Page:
San Diego Padres outfielder Tony Gwynn (below, left) took flip-downs the other way forever in October 1991, when he approached Oakley about supplying him with wraparound sunglasses. They seemed more efficient—who can be expected to flip and catch a pop fly at the same time?—but Gwynn says, "I was really nervous about breaking tradition. If I dropped that first fly ball, I'd look like an idiot." He didn't, and a craze was born.
Though some players have stuck with flip-downs, Montreal Expos trainer Ron McClain says, "There's been so little interest in flip-downs in the last two years that the guy who bugs me the most about getting him some is Joe Jammer, our rock-and-roll guitarist-groundskeeper, who wears them onstage because he thinks they make him look cool. Players also like the wraparounds because they allow them to look in the stands and check out girls without being caught.
Metal woods might be an oxymoron, like Mighty Ducks, but their superior distance has killed wood. Nearly 97% of new woods in America's golf bags are metal, according to a 1996 Darrell Survey report. Davis Love III was the last wood-driver holdout on the PGA Tour, but he switched to metal this summer—and finally won his first major, last month's PGA Championship.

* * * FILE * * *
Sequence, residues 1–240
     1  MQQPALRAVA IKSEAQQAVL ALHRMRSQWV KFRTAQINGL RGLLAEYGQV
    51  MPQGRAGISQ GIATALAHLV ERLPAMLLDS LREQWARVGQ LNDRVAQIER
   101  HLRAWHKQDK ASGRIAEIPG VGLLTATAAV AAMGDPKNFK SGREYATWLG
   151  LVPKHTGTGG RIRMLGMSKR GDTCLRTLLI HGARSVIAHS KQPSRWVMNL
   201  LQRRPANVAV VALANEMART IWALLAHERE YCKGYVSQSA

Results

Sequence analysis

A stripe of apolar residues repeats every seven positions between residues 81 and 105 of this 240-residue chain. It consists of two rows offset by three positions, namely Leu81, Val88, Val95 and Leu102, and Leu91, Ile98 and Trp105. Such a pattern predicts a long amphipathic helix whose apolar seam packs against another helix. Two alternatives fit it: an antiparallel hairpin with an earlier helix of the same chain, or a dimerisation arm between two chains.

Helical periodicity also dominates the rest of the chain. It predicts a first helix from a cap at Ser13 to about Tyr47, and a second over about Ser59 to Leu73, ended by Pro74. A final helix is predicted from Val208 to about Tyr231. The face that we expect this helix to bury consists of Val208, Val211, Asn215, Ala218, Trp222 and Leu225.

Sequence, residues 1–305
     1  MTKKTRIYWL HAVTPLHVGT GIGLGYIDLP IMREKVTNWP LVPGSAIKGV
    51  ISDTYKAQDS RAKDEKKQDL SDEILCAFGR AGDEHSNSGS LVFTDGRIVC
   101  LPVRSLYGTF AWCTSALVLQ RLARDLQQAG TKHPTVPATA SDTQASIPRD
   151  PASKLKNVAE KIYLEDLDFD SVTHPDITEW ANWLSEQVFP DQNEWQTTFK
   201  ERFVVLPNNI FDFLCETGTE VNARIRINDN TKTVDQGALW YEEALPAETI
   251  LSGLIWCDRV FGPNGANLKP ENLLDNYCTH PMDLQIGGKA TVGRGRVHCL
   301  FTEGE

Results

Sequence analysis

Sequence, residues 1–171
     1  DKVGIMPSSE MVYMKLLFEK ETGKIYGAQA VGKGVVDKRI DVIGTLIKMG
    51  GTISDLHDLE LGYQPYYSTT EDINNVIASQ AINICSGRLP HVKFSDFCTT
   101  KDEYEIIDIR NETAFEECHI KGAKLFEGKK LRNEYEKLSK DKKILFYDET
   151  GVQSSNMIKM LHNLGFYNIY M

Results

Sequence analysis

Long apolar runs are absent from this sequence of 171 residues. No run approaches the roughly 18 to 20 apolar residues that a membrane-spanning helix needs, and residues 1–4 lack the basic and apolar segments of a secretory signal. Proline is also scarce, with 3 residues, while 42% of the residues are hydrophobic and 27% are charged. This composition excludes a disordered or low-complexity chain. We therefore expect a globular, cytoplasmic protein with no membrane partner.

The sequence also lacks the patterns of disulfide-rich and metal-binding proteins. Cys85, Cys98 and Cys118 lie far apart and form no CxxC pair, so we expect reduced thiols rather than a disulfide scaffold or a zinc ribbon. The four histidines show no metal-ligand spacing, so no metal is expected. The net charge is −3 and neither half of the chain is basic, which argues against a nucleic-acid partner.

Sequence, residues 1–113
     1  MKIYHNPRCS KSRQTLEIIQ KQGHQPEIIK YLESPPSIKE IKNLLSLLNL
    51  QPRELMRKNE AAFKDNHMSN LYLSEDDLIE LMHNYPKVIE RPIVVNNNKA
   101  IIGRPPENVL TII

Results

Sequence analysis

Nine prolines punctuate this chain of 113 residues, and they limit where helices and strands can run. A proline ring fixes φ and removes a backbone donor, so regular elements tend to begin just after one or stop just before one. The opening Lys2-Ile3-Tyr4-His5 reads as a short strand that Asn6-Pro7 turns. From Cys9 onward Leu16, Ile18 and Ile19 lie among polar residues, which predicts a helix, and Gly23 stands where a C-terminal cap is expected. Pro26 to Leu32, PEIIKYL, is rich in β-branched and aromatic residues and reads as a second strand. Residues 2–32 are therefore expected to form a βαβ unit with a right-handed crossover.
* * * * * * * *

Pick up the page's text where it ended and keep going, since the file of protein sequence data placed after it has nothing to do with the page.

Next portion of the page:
More than 1,300 U.S. courses, including 45 of the top 100, already have banned metal spikes because they chew up turf, especially greens. Marlboro, Mass.-based MacNeill Engineering, the leading maker of metal spikes, took one look at the Topsy-like growth of Rockville, Md.-based Softspikes, which produced the first plastic spikes in 1993 and now boasts close to 70% of the non-metal market, and made a wise business move: It signed a joint operating agreement with its upstart rival under which MacNeill will take over Softspikes' manufacturing and Softspikes will handle MacNeill's marketing and sales.
Better start shopping, golfers: In 10 years metal spikes will be as commonplace as smoking in restaurants, and about as socially acceptable.
In 1982 Jack Nicklaus predicted you wouldn't be able to find a white golf ball in five years. Well, Jack also thought the Cayman ball—a ball designed to fly half as far on golf courses that are half the customary length—was a sure winner, which proves you can be immortal and wrong at the same time.
Colored balls were approved by the USGA in 1981, and the following year about 20 PGA and LPGA pros began using them. The balls achieved their greatest visibility at the 1982 Bing Crosby National Pro-Am, when Jerry Pate faded a Wilson Optic Orange into the cup for an ace on Cypress Point's par-3 16th hole. It was the hackers, however, who adored the orange, yellowish-green and even pink balls, which captured at least 10% of the market in the mid-1980s.